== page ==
I was building a kit for myself with individual parts and was well over that price with seals and bushings for just one leg.

At least it's a good deal if you don't mind modifying your old bushings.
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Old 04-02-2013, 08:57 AM   #8
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It does look like this kit comes with SKF seals, I have not had much luck with them holding up... I believe my original 03 fork seals were marked NOK, were built somewhat tougher and gave a couple of years of service {25 K miles}...
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Old 04-02-2013, 10:05 AM   #9
Boon Booni OP
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Quote:
Originally Posted by gunnerbuck View Post

It does look like this kit comes with SKF seals, I have not had much luck with them holding up... I believe my original 03 fork seals were marked NOK, were built somewhat tougher and gave a couple of years of service {25 K miles}...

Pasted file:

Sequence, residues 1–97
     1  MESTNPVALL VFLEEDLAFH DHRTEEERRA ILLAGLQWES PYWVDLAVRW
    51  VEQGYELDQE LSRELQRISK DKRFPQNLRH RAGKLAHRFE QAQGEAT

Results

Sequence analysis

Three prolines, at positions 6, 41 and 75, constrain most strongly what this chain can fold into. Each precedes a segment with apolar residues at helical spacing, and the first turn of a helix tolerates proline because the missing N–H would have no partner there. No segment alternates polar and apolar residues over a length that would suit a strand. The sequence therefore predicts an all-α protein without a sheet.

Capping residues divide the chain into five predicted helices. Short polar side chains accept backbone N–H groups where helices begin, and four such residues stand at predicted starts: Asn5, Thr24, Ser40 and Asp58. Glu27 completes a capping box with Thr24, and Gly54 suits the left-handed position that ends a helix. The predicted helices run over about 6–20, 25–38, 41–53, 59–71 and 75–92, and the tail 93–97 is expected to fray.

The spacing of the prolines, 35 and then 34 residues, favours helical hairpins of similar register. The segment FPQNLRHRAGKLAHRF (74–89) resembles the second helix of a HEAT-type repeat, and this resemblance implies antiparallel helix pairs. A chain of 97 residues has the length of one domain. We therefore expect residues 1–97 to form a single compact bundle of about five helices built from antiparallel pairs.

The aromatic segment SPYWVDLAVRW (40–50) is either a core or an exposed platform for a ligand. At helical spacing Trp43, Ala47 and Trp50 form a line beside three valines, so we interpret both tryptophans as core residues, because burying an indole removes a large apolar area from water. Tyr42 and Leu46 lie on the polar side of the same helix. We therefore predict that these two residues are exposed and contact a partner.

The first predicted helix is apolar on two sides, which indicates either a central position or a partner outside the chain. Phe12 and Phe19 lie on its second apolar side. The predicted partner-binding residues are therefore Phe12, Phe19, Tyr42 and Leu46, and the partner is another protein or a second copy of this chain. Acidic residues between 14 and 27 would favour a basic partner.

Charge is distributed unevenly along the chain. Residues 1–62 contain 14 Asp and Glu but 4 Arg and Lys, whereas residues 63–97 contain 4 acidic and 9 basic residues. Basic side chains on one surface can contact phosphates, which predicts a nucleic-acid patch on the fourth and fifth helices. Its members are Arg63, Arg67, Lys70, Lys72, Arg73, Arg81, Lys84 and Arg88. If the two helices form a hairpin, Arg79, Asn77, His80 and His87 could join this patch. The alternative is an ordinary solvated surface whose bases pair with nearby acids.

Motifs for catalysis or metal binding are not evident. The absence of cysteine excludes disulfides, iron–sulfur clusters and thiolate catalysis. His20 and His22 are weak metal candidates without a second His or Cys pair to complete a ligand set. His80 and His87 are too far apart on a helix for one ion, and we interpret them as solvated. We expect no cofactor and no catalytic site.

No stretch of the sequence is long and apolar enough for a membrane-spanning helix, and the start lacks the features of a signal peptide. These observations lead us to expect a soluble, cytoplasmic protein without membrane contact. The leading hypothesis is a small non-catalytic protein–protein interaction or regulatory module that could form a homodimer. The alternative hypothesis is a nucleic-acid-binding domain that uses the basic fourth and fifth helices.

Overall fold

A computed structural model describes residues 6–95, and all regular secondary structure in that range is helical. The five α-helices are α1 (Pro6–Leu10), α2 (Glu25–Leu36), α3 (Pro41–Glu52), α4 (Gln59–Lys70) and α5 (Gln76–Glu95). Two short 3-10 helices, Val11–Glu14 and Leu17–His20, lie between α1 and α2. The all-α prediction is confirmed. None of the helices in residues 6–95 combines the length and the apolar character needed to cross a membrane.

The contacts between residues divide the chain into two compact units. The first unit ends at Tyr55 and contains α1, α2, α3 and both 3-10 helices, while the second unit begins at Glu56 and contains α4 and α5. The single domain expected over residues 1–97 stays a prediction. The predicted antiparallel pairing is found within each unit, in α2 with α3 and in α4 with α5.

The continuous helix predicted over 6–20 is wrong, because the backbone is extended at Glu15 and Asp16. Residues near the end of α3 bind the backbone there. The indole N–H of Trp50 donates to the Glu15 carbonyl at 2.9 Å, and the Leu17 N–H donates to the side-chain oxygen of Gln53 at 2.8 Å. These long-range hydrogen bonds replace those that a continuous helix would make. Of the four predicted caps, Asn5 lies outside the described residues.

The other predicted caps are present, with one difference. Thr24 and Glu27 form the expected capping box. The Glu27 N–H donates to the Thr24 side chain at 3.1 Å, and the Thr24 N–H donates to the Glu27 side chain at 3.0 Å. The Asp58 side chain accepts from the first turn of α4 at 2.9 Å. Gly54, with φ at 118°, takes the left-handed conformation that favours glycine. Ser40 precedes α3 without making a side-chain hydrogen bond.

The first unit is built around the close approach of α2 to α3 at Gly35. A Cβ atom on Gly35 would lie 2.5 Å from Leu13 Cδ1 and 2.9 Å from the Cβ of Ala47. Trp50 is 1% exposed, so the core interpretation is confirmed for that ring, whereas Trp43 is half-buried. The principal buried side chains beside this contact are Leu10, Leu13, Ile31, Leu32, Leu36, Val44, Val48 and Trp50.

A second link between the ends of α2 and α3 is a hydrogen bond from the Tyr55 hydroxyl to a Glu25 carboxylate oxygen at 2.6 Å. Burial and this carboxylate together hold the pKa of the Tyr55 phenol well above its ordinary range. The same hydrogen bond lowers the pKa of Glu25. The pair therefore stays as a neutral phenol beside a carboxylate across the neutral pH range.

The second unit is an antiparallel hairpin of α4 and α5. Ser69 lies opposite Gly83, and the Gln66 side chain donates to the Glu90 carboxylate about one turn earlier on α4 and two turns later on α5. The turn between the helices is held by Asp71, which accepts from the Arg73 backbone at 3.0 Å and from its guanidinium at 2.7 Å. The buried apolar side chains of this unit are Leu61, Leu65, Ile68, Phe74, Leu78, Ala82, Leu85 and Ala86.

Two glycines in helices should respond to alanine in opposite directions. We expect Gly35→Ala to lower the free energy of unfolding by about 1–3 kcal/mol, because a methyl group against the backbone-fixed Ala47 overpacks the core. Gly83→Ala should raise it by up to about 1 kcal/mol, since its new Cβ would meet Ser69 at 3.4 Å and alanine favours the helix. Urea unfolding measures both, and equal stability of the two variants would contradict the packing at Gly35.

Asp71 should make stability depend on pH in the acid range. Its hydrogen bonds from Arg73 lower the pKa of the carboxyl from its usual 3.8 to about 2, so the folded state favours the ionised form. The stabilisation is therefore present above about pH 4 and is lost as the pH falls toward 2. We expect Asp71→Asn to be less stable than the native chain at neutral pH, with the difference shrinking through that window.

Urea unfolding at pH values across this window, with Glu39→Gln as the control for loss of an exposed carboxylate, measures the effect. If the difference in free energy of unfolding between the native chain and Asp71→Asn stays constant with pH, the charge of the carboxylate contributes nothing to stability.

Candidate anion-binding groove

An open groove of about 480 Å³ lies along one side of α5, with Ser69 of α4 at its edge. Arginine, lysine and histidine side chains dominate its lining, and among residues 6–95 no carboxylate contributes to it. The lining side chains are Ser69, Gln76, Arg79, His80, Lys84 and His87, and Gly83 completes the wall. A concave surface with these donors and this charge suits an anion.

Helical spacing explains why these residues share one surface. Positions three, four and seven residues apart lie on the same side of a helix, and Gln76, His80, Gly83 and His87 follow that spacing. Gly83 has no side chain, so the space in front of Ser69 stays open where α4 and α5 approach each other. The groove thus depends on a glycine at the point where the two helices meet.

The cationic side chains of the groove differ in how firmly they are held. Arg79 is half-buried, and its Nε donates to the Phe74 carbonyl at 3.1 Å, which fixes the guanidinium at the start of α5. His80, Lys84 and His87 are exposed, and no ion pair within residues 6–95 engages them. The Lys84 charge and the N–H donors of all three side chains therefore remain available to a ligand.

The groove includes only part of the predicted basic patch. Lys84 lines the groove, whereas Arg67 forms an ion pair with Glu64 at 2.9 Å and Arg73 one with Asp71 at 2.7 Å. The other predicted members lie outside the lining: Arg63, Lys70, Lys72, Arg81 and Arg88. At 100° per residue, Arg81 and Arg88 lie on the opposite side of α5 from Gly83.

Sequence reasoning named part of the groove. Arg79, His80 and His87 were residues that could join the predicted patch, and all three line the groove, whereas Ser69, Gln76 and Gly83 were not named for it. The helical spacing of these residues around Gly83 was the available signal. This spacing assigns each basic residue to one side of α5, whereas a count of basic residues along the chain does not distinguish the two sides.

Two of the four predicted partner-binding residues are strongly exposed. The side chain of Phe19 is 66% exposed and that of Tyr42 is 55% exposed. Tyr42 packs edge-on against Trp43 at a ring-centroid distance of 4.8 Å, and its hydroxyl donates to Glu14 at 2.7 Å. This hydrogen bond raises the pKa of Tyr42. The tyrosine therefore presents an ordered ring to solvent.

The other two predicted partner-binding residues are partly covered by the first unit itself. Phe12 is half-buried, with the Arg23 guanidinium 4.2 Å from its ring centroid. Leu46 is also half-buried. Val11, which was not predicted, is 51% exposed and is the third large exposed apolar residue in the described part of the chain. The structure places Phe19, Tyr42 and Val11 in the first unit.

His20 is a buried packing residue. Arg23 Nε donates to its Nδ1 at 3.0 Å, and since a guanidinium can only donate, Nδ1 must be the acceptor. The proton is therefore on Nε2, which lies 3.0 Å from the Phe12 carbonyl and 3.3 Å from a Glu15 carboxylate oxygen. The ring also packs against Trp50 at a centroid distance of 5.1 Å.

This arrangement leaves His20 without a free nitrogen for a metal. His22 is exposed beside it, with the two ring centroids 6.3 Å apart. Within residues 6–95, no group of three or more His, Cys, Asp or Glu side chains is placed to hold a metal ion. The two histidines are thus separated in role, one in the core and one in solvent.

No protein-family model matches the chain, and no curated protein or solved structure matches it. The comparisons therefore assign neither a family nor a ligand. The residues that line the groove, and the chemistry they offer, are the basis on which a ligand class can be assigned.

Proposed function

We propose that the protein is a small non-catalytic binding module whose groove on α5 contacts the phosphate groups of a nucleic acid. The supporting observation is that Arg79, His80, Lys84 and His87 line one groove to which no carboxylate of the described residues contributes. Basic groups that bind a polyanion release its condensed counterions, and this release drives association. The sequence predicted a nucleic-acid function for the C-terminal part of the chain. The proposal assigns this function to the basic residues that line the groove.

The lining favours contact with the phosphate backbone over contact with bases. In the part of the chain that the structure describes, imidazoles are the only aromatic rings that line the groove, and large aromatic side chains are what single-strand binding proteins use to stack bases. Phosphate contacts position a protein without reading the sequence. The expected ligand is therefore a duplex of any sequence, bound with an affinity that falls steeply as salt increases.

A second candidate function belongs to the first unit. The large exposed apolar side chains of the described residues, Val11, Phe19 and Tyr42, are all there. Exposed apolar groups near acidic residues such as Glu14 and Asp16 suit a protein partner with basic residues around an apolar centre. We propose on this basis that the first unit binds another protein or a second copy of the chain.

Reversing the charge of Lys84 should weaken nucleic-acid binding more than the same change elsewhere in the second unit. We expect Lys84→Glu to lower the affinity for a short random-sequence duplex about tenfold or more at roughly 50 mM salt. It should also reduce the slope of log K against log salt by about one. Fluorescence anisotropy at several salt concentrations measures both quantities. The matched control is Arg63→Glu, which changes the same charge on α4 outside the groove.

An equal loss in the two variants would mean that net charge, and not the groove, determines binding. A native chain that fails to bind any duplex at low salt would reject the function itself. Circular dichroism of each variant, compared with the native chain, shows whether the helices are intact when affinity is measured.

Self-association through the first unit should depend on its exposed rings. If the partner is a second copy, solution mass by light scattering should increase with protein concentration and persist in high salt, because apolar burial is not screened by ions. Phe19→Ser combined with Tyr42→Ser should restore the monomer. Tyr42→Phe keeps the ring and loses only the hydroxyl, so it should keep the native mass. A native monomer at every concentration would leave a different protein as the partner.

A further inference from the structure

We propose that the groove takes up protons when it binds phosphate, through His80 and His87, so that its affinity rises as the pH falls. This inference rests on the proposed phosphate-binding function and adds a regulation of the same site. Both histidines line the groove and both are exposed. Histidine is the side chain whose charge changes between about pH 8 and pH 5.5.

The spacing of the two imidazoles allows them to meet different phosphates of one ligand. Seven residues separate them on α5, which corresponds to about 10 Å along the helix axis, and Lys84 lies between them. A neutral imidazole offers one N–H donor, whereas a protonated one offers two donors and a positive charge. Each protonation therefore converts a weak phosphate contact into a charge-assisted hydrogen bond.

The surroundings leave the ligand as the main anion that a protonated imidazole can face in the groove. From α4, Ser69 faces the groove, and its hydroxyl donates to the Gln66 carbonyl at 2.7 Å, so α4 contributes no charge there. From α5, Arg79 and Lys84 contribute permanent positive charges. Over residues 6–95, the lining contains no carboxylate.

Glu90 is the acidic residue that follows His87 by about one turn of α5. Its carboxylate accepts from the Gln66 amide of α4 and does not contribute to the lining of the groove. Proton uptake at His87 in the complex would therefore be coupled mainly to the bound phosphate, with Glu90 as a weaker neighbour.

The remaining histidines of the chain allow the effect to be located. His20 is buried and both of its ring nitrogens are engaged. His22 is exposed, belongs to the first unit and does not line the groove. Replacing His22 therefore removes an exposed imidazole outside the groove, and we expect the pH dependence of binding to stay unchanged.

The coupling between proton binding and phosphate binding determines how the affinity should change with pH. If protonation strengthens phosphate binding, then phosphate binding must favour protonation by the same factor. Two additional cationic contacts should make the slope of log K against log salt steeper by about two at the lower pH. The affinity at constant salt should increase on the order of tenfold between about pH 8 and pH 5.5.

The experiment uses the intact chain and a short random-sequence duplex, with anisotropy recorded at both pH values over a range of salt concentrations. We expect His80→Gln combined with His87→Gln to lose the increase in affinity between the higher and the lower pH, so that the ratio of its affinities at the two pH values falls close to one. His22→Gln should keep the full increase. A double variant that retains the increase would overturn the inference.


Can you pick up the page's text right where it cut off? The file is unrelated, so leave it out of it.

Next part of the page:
According the the parts guy, SKF are now Oem equipment. The seals I removed were marked NOK.
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Old 04-02-2013, 03:56 PM   #10
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Quote:
Originally Posted by Boon Booni View Post
Word to the wise, if anyone tells you all KTM 48mm forks are the same, don't believe them.

....


At least it's a good deal if you don't mind modifying your old bushings.
To follow up on this thought.

Took the usual 2 weeks or so to get the kit.



Everything looked great. The consensus seems to be that SKF seals aren't as good as the original equipment, but I was told that SKF is now original equipment so we'll see how it goes. Aside from the color, they seem to be nearly the same design as the NOK seals that came out.



But upon dis-assembly of the first fork I find this.







The new "leading" bushing is 8mm shorter than what came out of my forks. Guess that's what the +8mm in the part number means.

LEADING BUSH 48X52X12+8MM

The top bushing is the correct size. Think think think.. Do I want to re-use the bottom "leading" bushing? No, I'm in here to replace those bushings and that's what I'm going to do.



Chop chop, grind grind and I've modified the old bushing to become an 8mm spacer for the new bushing. I split the old bushing down the middle, and grind out about 1mm from the inner diameter of the old bushing. I make two 8mm spacers out of one bushing.


Even though the kit came with a few internal bits, I decide I'm just here to to the bushings, so everything goes back together.




Use electrical tape to protect the seals..